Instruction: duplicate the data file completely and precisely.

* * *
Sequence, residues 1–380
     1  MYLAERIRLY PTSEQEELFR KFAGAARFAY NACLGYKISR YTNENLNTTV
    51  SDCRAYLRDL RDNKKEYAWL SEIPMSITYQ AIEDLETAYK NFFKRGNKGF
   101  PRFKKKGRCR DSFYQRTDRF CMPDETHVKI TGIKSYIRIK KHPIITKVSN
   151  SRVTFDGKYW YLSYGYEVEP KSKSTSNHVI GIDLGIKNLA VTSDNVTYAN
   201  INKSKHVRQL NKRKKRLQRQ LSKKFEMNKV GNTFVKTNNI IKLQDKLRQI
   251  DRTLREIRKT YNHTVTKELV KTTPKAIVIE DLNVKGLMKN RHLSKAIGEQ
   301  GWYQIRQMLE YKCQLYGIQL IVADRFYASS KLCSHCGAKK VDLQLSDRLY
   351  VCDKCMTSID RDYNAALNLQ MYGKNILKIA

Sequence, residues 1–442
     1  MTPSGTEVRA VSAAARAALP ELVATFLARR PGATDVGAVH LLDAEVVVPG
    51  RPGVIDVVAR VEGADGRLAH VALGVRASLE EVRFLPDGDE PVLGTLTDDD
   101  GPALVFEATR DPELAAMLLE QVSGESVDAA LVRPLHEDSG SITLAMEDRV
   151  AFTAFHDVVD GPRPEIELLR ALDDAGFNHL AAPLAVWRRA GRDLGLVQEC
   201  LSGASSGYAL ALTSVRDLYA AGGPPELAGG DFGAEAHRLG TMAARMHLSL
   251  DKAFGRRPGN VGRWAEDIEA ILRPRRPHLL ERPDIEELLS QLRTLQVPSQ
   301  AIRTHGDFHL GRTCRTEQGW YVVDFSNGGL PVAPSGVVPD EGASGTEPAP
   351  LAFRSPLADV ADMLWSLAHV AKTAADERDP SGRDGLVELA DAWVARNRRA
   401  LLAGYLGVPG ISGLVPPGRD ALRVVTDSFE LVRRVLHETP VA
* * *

Sequence, residues 1–380
     1  MYLAERIRLY PTSEQEELFR KFAGAARFAY NACLGYKISR YTNENLNTTV
    51  SDCRAYLRDL RDNKKEYAWL SEIPMSITYQ AIEDLETAYK NFFKRGNKGF
   101  PRFKKKGRCR DSFYQRTDRF CMPDETHVKI TGIKSYIRIK KHPIITKVSN
   151  SRVTFDGKYW YLSYGYEVEP KSKSTSNHVI GIDLGIKNLA VTSDNVTYAN
   201  INKSKHVRQL NKRKKRLQRQ LSKKFEMNKV GNTFVKTNNI IKLQDKLRQI
   251  DRTLREIRKT YNHTVTKELV KTTPKAIVIE DLNVKGLMKN RHLSKAIGEQ
   301  GWYQIRQMLE YKCQLYGIQL IVADRFYASS KLCSHCGAKK VDLQLSDRLY
   351  VCDKCMTSID RDYNAALNLQ MYGKNILKIA

Sequence, residues 1–442
     1  MTPSGTEVRA VSAAARAALP ELVATFLARR PGATDVGAVH LLDAEVVVPG
    51  RPGVIDVVAR VEGADGRLAH VALGVRASLE EVRFLPDGDE PVLGTLTDDD
   101  GPALVFEATR DPELAAMLLE QVSGESVDAA LVRPLHEDSG SITLAMEDRV
   151  AFTAFHDVVD GPRPEIELLR ALDDAGFNHL AAPLAVWRRA GRDLGLVQEC
   201  LSGASSGYAL ALTSVRDLYA AGGPPELAGG DFGAEAHRLG TMAARMHLSL
   251  DKAFGRRPGN VGRWAEDIEA ILRPRRPHLL ERPDIEELLS QLRTLQVPSQ
   301  AIRTHGDFHL GRTCRTEQGW YVVDFSNGGL PVAPSGVVPD EGASGTEPAP
   351  LAFRSPLADV ADMLWSLAHV AKTAADERDP SGRDGLVELA DAWVARNRRA
   401  LLAGYLGVPG ISGLVPPGRD ALRVVTDSFE LVRRVLHETP VA